2. jsomers (Post author)


    That is a good point, that details like names of things etc play a big role in invoking a time, but there’s also an expiration date on that–i.e., when everyone who “grew up in the 1980s” or even lived in the 1980s is, um, dead. 100 years from now will anyone know personally what a Buick Centry is?

    On the other hand, when writing historical novels, people do a ton of research in order to get those details right. They just have to work a little harder to make things like that clear to a reader who may not be familiar with the time period and its technology.

    So, still a good point. I guess it’s a question of intent. If you’re invoking a specific period, it’s god – necessary – to mention the tech and name it. But I think if your main goal is to tell a story and not necessarily invoke a specific period, the tech details can drag you down.

    I dunno. I’m sitting here in a bathrobe drinking gin, petting a cat. Would you trust *anything* I had to say about literature?


  3. Jayf

    There is a certain level of value in a timeless novel that a period book just can’t achive. I agree.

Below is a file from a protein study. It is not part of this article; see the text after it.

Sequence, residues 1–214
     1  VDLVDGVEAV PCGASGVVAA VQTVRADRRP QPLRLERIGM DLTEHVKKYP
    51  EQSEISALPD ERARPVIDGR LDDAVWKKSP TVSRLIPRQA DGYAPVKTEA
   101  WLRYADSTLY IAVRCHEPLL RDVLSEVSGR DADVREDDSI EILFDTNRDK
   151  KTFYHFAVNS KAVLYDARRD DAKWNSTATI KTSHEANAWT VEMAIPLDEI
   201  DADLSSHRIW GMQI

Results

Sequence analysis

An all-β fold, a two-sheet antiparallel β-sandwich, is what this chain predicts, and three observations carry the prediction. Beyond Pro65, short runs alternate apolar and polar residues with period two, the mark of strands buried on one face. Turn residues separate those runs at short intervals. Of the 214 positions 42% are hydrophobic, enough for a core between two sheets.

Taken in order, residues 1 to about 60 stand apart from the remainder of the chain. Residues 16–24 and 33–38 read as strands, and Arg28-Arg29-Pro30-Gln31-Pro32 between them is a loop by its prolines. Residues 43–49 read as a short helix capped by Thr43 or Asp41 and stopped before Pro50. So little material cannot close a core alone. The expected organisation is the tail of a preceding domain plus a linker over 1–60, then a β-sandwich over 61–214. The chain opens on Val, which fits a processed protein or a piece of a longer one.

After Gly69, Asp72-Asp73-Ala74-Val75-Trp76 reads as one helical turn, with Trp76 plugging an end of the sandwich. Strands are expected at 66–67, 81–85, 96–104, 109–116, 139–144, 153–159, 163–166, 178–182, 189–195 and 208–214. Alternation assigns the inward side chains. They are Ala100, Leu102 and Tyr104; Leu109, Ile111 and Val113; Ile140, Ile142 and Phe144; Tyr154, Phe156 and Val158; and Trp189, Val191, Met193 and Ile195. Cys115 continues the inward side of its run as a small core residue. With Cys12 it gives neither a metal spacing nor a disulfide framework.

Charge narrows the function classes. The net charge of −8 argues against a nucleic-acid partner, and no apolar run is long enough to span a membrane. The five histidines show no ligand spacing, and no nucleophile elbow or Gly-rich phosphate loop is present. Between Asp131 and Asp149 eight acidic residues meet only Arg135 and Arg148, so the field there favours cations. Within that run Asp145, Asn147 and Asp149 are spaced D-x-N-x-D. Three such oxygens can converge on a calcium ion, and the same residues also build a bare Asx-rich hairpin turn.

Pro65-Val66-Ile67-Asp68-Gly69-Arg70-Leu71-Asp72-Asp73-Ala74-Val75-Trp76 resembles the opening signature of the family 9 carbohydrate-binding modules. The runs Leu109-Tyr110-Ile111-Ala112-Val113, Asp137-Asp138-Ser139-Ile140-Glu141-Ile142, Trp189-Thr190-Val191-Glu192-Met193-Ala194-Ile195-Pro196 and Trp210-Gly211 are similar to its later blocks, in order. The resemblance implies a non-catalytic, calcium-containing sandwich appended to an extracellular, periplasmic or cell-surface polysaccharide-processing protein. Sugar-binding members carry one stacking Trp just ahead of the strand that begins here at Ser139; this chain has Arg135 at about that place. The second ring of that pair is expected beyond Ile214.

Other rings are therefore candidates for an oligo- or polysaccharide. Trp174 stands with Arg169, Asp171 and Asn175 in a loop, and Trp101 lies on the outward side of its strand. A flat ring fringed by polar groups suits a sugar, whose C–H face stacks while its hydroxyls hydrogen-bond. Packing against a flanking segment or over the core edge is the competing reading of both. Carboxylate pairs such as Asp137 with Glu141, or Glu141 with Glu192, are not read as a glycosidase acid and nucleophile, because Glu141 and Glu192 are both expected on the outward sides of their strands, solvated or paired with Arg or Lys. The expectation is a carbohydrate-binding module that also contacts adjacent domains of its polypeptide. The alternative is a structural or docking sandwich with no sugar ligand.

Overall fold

And I am reading your blog, so can I be trusted? Probably not.

  4. janet reid

    One of the most clever things I saw about technology in a book was when one character asked another if she knew how to use a telephone. Sounds stupid now, but in 19** when they were rare, it did reminded the reader perfectly that telephones were new then.

    And J, if you’re not getting my text messages, shall I start sending carrier pigeons?

  5. janet reid

    “did reminded.”
    Good thing I critique people brutally for a living right?

    Ok, opening the door to the glass house to hand stones to the mob.

  6. jsomers (Post author)


    Wait a sec, I can throw stones at you? Is this in the contract? Wow! I FEEL SO POWERFUL!